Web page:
You know that silvery colour firewood gets after it’s been cut and sitting around for a few months? Until it is that exact colour, my mother doesn’t think her steak is done. Sort of a grey driftwood, cardboard box kind of colour.
Growing up I took it for granted that steaks and roasts were supposed to be hard and chewy. Like jerky without the flavour. Cook it any less and you might get cramps. Or worms. Or “the” diarrhoea. When I got outside of my mother’s anglo-saxon, white bread, peas in a can inspired kitchen and was offered a real steak … well … I nearly vomited.
All that redness. It resembled … um … meat. Blech. It took about 5 years before I could handle eating a steak that didn’t look like something you’d bury a hamster in.
And once I figured out steaks could be nicely seared on the outside and warm and tender on the inside without disastrous intestinal consequences … I developed a bit of an addiction.
An expensive one at that. If I’d developed an addiction to platinum dusted cocaine it would have been cheaper. A single really good steak is about $20. A half decent one is probably $10. So in order to feed my addiction and maintain a bank balance, I started cutting my own steaks from whole roasts. I haven’t bought a butcher cut steak in about 12 years.
And here’s how you do it.
How to Cut Tenderloin Steaks. Filet Mignon.
How to trim a tenderloin roast and cut it into steaks.
1. The best roast for cutting into steaks is a Tenderloin. That’s my personal preference anyway. Stiploins comes in at #2. You can also do a Sirloin Tip (only for rare or medium-rare steaks otherwise they get tough), Top Sirloin and Prime Rib (Rib Eye steaks).
2. Look for a roast that is as close to an even thickness from one end to the other as you can find. Visualize cutting it into steaks. If you can only get 3 or 4 steaks cut before the roast gets thin looking, pick another one. (this only pertains to a tenderloin)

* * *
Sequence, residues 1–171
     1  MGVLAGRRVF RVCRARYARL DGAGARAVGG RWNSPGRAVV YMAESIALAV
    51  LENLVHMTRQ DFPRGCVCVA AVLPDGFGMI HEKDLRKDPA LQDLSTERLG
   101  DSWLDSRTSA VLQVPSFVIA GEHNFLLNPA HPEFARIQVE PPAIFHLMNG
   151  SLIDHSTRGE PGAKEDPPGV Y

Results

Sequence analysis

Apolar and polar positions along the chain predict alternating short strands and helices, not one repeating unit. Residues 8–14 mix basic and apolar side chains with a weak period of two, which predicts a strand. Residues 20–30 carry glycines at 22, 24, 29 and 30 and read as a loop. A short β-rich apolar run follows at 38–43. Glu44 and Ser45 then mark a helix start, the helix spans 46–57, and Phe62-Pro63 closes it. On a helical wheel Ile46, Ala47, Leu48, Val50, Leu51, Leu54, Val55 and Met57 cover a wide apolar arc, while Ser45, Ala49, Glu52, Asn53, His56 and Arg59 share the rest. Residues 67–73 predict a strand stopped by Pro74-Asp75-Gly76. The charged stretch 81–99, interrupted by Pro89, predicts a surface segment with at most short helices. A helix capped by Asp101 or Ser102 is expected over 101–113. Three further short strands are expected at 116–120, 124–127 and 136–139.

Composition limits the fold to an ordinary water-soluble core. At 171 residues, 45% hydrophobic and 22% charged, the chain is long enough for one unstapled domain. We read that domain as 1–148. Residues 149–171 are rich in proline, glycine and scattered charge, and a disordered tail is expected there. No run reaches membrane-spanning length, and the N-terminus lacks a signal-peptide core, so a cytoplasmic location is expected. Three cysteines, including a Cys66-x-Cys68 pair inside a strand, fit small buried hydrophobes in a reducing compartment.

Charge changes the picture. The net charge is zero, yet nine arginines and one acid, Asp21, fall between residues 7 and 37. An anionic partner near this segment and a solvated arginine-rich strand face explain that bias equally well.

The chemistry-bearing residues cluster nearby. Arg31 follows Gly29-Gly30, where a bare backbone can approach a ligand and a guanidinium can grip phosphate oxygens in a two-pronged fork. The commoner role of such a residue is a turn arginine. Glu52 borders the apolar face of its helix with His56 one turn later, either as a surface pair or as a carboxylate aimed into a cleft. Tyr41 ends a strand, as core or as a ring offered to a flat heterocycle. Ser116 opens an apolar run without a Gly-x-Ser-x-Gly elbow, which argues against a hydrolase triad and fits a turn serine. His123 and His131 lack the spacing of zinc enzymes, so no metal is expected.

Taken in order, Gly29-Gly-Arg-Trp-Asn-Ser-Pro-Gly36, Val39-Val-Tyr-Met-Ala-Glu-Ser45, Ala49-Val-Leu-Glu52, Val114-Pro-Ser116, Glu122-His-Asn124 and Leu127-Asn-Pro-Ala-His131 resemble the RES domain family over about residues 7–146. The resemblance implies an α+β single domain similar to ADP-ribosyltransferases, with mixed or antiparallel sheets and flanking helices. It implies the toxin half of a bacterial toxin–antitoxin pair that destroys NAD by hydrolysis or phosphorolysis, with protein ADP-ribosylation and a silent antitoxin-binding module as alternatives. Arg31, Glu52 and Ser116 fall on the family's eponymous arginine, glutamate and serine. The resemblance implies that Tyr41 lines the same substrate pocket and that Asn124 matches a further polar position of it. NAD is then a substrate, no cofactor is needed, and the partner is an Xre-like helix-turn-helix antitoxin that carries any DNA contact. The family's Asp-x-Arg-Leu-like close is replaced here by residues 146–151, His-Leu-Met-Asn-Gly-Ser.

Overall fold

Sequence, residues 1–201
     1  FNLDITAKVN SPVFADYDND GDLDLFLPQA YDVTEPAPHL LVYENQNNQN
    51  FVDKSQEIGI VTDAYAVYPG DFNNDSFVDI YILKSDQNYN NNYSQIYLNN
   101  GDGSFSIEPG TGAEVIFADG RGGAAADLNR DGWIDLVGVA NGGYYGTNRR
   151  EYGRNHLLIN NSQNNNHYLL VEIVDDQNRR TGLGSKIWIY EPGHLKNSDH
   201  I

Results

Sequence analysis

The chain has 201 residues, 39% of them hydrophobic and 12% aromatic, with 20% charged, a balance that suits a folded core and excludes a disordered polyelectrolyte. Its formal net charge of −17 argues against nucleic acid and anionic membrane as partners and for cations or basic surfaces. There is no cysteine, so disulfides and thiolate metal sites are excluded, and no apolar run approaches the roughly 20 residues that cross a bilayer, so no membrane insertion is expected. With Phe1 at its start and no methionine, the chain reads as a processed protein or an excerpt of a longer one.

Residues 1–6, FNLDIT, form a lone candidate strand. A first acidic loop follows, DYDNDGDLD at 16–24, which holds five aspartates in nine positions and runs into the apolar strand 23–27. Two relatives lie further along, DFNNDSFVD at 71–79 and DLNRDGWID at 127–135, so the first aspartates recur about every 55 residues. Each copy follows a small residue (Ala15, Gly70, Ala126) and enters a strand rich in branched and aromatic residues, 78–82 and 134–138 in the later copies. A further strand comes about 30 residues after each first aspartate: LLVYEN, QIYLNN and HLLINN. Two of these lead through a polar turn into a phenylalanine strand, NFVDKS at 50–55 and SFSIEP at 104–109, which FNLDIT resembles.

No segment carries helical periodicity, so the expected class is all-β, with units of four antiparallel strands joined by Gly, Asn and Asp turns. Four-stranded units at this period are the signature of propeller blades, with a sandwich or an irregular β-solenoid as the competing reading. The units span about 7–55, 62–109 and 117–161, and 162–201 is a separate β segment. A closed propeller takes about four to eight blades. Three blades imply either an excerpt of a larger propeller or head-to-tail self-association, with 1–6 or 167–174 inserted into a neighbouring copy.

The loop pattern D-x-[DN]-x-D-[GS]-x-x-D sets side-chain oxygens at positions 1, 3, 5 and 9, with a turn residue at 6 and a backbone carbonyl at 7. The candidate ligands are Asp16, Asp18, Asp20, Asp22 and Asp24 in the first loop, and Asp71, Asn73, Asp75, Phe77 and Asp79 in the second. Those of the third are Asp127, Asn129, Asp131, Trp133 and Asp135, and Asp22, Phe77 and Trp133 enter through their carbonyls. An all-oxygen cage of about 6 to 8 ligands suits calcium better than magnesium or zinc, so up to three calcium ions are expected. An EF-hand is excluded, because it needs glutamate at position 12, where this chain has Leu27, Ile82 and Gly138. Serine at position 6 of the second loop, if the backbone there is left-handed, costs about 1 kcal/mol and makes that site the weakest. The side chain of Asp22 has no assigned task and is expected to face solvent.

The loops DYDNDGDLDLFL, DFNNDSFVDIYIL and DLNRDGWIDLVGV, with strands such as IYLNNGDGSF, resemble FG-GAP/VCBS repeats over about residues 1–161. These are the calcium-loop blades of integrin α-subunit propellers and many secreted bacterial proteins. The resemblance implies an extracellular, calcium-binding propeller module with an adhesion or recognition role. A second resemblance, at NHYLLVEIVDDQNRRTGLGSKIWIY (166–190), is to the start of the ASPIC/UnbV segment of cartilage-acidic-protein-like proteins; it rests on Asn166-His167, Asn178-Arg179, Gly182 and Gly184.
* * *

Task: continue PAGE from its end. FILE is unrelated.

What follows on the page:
3. The best way to preserve your steaks is to Foodsaver them. Freeze the steaks on a waxed paper lined baking sheet first, and then Foodsaver them. Otherwise the Foodsaver will squash the steaks. If you wait to Foodsaver until they’re frozen they won’t get squashed.
4. Cutting your own steaks from a whole roast will always be cheaper than buying them pre-cut. But if you buy the roasts when they’re on sale you’ll save even more money! Yay! I usually wait until my local grocery store or Costco has Tenderloin roasts for half price then I buy at least 3 and turn 1 into a 2 smaller roasts and the rest into steaks. Just after I shot this video my grocery store had tenderloins on sale and I did a few more roasts. These tenderloin steaks ended up costing me $5 each.
5. Always cut and freeze your roasts the day you buy them. That way when you go to pull them out of the freezer to cook, they’ll be as fresh as they day you bought them. Not lousy old, been sitting around in the fridge for a few days meat. Good meat.
6. Use the leftover trimmings as either stewing beef, stir fry meat or just grill up the irregular chunks and eat em. That’s what I did. I even grilled some of the stuff I’d cut up for stewing beef. Little cubes of seared deliciousness. They’d be GREAT appetizers. All they need is a bit of spice and one of those cool toothpicks with the squiggly cellophane on the end. I love those toothpicks.
Happy butchering! (or Bitchering depending on your mood) Happy money saving! Happy eating.
→Hey there! GET MY POSTS emailed to you 3 times a week←